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Security and satisfaction are locked in at W Sydney

While the new W Sydney lacks historical data for comparison, it is poised to benefit from reduced energy costs thanks to these advanced systems

Increasingly sophisticated energy management systems are playing a vital role as major hotel chains around the world join the campaign to achieve net zero carbon emissions. Digital locks and fully integrated online systems for room controls not only enhance guest satisfaction and security but also contribute to substantial energy savings for hotels.

According to Michael Benikos, the Managing Director at Assa Abloy Global Solutions Australia, these systems can lead to large energy savings in the hotel due to reduced air conditioning and lighting usage. Recently, the company installed new high-tech door locks on all 588 guest rooms at the W Sydney hotel.

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Mr Benikos explained, “The system is highly sophisticated and saves significant amounts of energy by automatically turning off lights and airconditioning when guests leave a room. However, they are seamlessly activated again when a guest returns, with the same lighting and air-conditioning settings as before.

“While the guest is out of the room the system will make sure the temperature does not stray too far away from where the guest left it, so when they return the room is comfortable and energy savings are achieved.”

While the new W Sydney lacks historical data for comparison, it is poised to benefit from reduced energy costs thanks to these advanced systems.

Mr Benikos highlighted a similar technology installation at the Nesuto Docklands Apartment Hotel in Melbourne, where the property achieved a reduction in air conditioning run time of over 40 percent.

He added: “The average energy reduction of air conditioning and lighting usage we observe with hotels adopting this technology range between 20 to 40 percent. With nearly 600 rooms at W Sydney, the overall energy cost savings are substantial.”

Craig Cavers, Director of Engineering and Building Manager at W Sydney, emphasised that Assa Abloy’s system offers enhanced access control throughout the building. “With 588 guest rooms, studio apartments and suites, including back-of-house doors and storerooms, the room key card controls lift and room access. Guests can also use their smartphones if they have a digital key. It’s cutting edge technology,” he stated.

“It’s user-friendly for guests – one swipe of the key activates the air conditioning and opens the blinds to welcome. Moreover, it enhances security as it logs key card swipes, providing a clear record of room access. Additionally, energy-saving features are built-in, with room sensors detecting occupancy and adjusting air and lighting to conserve energy when rooms are vacant.”

As the largest W Hotel globally, W Sydney is one of the biggest hotel projects Assa Abloy has undertaken in Australia and it required some unique adaptions.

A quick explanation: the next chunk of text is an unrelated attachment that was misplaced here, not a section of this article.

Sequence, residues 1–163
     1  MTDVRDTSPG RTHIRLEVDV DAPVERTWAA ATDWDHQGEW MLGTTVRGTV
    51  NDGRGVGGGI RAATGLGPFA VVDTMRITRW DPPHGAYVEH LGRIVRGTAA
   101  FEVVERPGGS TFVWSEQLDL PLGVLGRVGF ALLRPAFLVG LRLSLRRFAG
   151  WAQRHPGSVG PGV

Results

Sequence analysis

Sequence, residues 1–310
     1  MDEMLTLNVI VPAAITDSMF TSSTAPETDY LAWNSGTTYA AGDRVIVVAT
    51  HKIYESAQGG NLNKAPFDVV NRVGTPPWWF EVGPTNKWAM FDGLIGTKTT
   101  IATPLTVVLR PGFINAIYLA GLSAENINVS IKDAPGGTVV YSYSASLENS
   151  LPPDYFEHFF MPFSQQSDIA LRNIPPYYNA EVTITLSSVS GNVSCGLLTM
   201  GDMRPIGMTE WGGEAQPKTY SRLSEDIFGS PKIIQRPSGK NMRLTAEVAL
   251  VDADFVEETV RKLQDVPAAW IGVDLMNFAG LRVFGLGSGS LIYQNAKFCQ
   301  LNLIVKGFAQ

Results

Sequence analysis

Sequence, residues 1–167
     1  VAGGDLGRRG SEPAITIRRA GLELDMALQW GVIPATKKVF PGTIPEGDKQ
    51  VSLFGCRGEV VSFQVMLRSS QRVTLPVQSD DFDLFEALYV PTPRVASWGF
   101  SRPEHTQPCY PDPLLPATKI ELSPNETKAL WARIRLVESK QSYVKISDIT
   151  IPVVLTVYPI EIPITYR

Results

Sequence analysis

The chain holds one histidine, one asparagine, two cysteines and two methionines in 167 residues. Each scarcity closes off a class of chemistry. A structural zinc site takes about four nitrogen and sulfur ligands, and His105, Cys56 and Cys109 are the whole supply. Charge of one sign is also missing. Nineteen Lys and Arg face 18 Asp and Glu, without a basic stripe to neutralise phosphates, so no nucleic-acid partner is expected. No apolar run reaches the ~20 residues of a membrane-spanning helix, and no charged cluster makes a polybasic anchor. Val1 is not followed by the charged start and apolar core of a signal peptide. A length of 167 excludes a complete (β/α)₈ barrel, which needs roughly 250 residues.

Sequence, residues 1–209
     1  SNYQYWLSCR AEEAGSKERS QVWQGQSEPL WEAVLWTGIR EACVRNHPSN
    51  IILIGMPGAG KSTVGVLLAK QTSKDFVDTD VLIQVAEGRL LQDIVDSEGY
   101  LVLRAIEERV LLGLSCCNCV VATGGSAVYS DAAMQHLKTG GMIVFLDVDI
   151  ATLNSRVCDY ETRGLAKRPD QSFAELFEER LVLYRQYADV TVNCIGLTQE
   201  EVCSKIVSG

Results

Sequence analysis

Mr Benikos explained: “The property has two different types of air-conditioning systems in its mix of guestrooms and studio apartments; therefore, we adapted the air-conditioning system to the keylocks to suit the different types of accommodation.

“Furthermore, a new lighting system called Kasta was installed in the hotel, which uses wireless connectivity for the light switches. We were able to integrate the Kasta lighting system into the access control and energy management systems to achieve the required outcome for in room lighting and blind control.

The technology installed at W Sydney offers many benefits to both guests and a hotel’s bottom line and that’s why more and more hotels are deciding to use it.

Mr Benikos elaborated on the new technology: “When guests check in, the property management system sends a message to the room lock, signaling the arrival of a new guest. The room is pre-heated or cooled to the perfect temperature and as the guest enters the room, the blinds open, lights come on, and a welcome message is displayed. This is because the door lock recognises it as the guest’s first entry.

“Subsequent entries do not trigger the same ‘wow factor’ welcome, because the door lock understands not to activate the lights or blinds again, but guests always return to the comfortable guestroom environment they left. Room sensors determine occupancy, deactivating lights and air conditioning when not in use.”

W Sydney. Images courtesy of W Hotels

Mr Benikos further emphasised the sophistication of the door lock technology, having the solution online allows for the remote monitoring of entries, tracking every person who enters the room and at what time. It can also remotely deactivate key cards if they are lost.

“This advanced technology ensures a high level of comfort and security for guests, who can have the room set to their preferences every time they enter. It elevates room security to a new level.”

He concluded: “Ultimately, it results in substantial cost and energy savings for the property and contributes to reduced environmental waste.”

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